Recensione: Love It Was Not
- Il lungometraggio documentario della regista israeliana Maya Sarfaty racconta l'incredibile storia d'amore tra una prigioniera ebrea e un ufficiale delle SS ad Auschwitz
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Israeli filmmaker Maya Sarfaty won the Student Academy Award for Best Foreign Documentary with her 2016 effort The Most Beautiful Woman. The short film's story about Helena Citron, a Jewish prisoner in Auschwitz who was in a romantic relationship with one of the high-ranking SS officers in the concentration camp, Franz Wunsch, is now the subject of Sarfaty's feature-length documentary Love It Was Not [+leggi anche:
scheda film], which has just world-premiered in Docaviv's Israeli Competition.
An early image from the film, which consists entirely of interviews, archive footage and photographs, is the most jarring one: a pretty young woman, smiling at the camera while dressed in the notorious, striped Auschwitz uniform. Having lived in Humenné in what is today Slovakia, Helena was among the first women to be sent to the camp in 1942, along with another thousand Czechoslovaks.
Testimonies from other prisoners, and from Helena herself, inserted from earlier TV interviews (she died in 2007), relate how Wunsch noticed her when she sang for the German officers. Many of the interviewees considered it a true love – that is how obvious their mutual attraction was. Thanks to it, Helena and her closest friends in the concentration camp ended up working in the "Kanada" barracks, by far the best (or the least bad) place, where they would sort the belongings of people sent to the gas chambers, and were able to take some for themselves.
Her relationship to Wunsch was, of course, instrumental in this, and it also helped her save the life of her sister Roza – but not the lives of Roza's children. This made the sisters' relations complex and troubled throughout Roza's life, which ended in 2005, and the film has a full chapter dedicated to them.
At one point, the viewer starts thinking about Wursch in affirmative terms, due to his affection for Helena and subsequent lenience shown to those close to her. His idea to cut off her head from the Auschwitz photo and put it on the head of a woman holidaying in, say, Venice, or pasting her head and also his own to photos of people in neutral circumstances, may feel romantic, escapist. But even the biggest apologist will be dissuaded from sympathising with the Nazi after hearing testimonies of his sadism towards other prisoners.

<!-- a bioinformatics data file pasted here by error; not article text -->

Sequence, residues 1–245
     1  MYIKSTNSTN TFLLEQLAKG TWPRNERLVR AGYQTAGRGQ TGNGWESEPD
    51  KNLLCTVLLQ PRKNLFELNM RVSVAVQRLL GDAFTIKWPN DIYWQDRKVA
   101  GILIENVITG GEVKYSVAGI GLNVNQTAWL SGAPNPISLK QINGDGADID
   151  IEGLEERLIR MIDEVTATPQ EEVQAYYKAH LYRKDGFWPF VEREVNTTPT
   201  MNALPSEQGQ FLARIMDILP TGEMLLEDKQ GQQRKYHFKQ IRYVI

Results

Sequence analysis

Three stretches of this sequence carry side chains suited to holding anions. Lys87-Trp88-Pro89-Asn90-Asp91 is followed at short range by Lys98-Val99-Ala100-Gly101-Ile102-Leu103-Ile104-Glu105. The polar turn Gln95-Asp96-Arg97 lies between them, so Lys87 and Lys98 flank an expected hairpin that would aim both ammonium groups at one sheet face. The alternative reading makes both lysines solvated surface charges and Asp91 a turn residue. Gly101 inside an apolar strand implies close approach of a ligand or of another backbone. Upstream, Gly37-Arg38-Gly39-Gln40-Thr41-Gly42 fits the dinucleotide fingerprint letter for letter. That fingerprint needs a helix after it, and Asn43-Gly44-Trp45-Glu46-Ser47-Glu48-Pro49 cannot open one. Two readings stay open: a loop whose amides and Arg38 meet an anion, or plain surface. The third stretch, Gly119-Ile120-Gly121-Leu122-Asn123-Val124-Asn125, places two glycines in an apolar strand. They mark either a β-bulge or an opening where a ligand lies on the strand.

However, the most damning facts about Wursch surface long after the war. The film includes excerpts from an amateurish-looking 2003 video interview with him sitting in his garden and talking about their relationship, and how he saved her on multiple occasions, including from Josef Mengele himself, and whoever is talking to him refers to her as "the Jewess".
In the 1960s, Simon Wiesenthal warned the Austrian authorities about some 70 SS officers from Auschwitz who were living freely in the country. Only four of them were brought to court, and Wursch himself was tried in 1972. Helena was invited as a witness, and she came to "tell the truth, all the bad and all the good", as she says. This segment, which occupies the last third of the film, is in many ways the most exciting: it reveals not only Helena's and Roza's honest feelings, but also how difficult it was to obtain a conviction for Nazi crimes in Austria at the time. It could be an excellent topic for a documentary of its own.
Sarfaty's approach to the documentary is very traditional, with talking-heads interviews and some creative use of photographs, not unlike Wunsch's own collages, at times combined with models of Auschwitz to create a dramatic tension, along with the constant use of music, especially strings. The storytelling is compelling, and the director wisely homes in on the key targets in a gradual, careful way.
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